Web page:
So unpredictable and elusive, as a result he draws many fouls in damaging areas in and around the final third. Another valuable byproduct of his ball carrying prowess arises from how it draws multiple markers, which consequently generates space for teammates to get free and open passing lanes. 

Diatta drawing two men before finding the free man

To continue the theme of his in possession work, and his passing is a fine asset too. While he’s capable of keeping things simple and recirculating possession, he’s at his best when firing off ambitious, progressive passes. Competent whipping in incisive crosses into the box, measured through balls over the top, sliding ground balls in behind for attackers and hitting some neat infield cutbacks, he’s certainly a handy chance creator. Two footed and using all parts of his foot to pass with, this adds to what a tough to read opponent he is.

Beautifully weighted through ball in behind
Brilliant through ball in behind
Diatta whipping in an excellent cross

Even though he sometimes loses the ball cheaply both on the dribble and when being overzealous in his passing, his intent to generate opportunities and unbalance adversaries is a joy to watch. Indeed, the fact he completed 2.90 progressive runs p90, 4.30 dribbles p90, 1.43 crosses p90, 5.68 progressive passes p90 (6th best), 5.04 passes into the penalty area p90 (4th best), 4.30 passes into the final third p90 (9th best), 2.35 deep completions p90 (3rd best), 1.78 smart passes p90 (5th best) and 1.20 key passes p90 (2nd best) among players with over 700 minutes in the Belgian first division accentuates his value.

A very useful finisher to boot, Diatta applied some wonderful strikes throughout his time in Belgium. Finding the back of the net via a mix of thunderous drives, placed finishes, instinctive close range efforts, wicked first time strikes, powerful volleys and clever dinks, this area of his game is at a high level for a winger.

Fantastic first time finish and run into the area
Wicked finish from the angle while off balance
Sensational long range screamer as he combines power and placement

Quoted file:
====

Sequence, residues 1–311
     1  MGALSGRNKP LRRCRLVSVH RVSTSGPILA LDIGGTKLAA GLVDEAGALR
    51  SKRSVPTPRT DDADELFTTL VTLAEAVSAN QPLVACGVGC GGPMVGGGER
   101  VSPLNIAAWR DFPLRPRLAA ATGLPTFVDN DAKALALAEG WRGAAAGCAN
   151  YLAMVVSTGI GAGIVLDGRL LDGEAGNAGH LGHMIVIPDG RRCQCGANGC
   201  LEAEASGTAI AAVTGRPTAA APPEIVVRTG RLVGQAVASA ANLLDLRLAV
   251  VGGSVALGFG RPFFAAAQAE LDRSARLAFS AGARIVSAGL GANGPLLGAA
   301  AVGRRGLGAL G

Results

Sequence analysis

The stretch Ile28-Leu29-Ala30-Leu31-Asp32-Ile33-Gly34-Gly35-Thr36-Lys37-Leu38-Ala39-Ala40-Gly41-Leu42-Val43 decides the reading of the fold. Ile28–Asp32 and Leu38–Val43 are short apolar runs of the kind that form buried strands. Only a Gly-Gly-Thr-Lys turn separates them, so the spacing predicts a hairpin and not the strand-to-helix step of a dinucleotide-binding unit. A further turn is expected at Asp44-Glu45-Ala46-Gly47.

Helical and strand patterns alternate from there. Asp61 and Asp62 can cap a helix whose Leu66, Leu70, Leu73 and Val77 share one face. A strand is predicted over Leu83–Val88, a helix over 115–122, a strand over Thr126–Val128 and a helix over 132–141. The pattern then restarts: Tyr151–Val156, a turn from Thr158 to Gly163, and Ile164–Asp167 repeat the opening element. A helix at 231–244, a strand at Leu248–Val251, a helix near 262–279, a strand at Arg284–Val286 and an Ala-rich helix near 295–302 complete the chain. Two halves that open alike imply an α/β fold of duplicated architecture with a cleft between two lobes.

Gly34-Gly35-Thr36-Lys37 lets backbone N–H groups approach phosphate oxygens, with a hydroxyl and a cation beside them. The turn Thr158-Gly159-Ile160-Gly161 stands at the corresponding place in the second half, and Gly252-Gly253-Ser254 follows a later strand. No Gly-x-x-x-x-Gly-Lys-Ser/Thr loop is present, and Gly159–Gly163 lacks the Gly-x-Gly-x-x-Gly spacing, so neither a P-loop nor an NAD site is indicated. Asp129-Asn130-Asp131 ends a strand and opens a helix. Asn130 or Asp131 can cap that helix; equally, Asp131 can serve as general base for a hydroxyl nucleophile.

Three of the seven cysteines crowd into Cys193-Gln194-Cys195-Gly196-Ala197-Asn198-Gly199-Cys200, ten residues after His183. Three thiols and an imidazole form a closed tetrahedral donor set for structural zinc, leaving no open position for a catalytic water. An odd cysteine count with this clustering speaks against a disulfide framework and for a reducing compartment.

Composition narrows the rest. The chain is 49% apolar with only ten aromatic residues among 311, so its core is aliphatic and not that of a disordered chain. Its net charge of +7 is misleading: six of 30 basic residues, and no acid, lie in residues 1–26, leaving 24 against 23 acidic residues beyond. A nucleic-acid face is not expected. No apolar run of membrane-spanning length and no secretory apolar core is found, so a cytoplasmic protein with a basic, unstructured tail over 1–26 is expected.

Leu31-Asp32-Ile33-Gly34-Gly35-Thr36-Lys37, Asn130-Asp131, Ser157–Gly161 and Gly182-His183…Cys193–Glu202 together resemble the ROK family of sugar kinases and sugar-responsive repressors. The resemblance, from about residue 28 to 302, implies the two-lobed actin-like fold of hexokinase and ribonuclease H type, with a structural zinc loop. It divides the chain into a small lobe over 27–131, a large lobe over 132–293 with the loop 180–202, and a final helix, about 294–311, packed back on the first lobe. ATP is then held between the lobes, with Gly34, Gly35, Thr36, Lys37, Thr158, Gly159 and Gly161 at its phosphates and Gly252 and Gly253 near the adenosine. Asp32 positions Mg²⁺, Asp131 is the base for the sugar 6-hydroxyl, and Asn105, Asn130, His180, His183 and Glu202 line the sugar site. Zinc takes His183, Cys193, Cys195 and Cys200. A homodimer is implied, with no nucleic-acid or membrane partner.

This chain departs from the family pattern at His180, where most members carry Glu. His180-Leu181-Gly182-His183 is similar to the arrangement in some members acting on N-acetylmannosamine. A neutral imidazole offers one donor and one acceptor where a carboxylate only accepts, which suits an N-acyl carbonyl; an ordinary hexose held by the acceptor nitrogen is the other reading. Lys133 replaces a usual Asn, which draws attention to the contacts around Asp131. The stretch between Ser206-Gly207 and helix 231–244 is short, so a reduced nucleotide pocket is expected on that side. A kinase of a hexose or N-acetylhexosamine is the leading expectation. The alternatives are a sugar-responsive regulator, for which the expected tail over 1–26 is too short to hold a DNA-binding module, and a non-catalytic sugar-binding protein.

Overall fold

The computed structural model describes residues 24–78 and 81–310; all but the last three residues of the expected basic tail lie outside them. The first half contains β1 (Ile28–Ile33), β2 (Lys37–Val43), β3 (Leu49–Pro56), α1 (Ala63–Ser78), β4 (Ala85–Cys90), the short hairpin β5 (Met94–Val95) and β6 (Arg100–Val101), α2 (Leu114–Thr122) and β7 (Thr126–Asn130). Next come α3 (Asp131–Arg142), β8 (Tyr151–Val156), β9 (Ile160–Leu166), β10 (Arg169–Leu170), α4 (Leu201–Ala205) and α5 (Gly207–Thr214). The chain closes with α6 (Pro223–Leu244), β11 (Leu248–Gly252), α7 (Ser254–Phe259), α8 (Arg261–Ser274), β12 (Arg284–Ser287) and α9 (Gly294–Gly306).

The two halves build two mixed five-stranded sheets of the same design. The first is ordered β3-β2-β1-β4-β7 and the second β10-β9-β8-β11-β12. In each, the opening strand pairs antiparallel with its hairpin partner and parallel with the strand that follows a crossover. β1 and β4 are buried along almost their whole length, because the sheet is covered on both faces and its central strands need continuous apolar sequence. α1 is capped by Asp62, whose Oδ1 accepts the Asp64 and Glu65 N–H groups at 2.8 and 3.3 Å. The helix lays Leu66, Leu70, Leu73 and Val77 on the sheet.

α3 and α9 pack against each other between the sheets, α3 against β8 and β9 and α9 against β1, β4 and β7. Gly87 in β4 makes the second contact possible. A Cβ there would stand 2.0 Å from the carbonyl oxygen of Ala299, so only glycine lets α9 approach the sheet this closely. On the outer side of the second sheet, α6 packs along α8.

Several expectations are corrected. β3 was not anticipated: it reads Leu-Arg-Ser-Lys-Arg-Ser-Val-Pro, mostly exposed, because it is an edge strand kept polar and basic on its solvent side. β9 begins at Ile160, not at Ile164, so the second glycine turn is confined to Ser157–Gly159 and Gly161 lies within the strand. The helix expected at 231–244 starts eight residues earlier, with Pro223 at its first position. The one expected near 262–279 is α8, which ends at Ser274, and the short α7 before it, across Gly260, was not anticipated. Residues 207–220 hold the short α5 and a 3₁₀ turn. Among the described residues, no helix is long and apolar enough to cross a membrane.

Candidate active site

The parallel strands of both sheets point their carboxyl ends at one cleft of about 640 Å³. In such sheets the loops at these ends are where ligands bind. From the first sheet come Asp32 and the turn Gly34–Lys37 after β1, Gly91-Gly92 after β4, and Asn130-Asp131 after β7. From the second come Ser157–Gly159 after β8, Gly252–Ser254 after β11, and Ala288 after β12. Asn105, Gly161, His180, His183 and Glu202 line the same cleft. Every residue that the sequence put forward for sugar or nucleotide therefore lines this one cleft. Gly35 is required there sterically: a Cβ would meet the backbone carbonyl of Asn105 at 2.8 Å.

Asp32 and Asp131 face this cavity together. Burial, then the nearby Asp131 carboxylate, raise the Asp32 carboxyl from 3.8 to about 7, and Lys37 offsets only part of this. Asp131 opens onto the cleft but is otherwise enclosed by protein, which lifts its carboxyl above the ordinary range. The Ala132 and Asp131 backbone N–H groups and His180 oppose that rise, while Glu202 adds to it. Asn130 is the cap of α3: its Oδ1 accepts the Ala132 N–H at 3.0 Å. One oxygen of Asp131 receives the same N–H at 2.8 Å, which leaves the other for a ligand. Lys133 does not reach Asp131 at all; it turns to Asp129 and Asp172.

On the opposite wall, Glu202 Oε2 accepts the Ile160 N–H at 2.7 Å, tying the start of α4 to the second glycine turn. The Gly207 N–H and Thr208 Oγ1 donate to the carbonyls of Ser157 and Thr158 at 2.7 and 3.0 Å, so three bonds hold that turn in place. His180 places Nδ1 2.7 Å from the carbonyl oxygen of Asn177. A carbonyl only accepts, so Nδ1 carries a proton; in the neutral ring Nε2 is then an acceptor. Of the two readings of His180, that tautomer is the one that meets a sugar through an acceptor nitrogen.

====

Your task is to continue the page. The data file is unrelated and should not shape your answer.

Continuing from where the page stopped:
His shrewd movement into the area is crucial towards his success, for he times and directs his runs well to offer a viable option. Whether running in behind, attacking the back post with cunning blindside runs, cutting into the box as the defence collapses deep or charging towards the front post, opponents have found him a tough man to keep tabs on.

Superbly timed run in behind
Crafty blindside run at the edge of the box
Exceptional depth run as he strolls in behind

The man who was the 10th highest scorer in the Belgian top flight prior to leaving also had the 10th most shots (52), the third most touches inside the box p90 (5.50) and was seventh for most successful attacking actions p90 (7.97), which underlines his quality. 

Other notable features of his movement come from how he frequently hugs the touchline so he can be isolated, how he occasionally rotates infield and from how he helps form overloads in wide areas to progress attacks. 

Helping form a 4v3 overload out wide

Set to be a fantastic addition to Monaco’s squad, he’ll not only bring essential offensive depth but definitely add another dimension to Kovac’s side going forward with his dynamism and multifaceted game.

With Monaco playing so brilliantly at present and the team settled, this will give him the chance to take his time integrating to life on the French Riviera.

Having already made his debut, where he produced some glimpses of his talent, once he gets fully up to speed, there’s no doubting what a difference maker he’ll be. And one that should be a massive weapon in the club’s important Champions League qualification chase.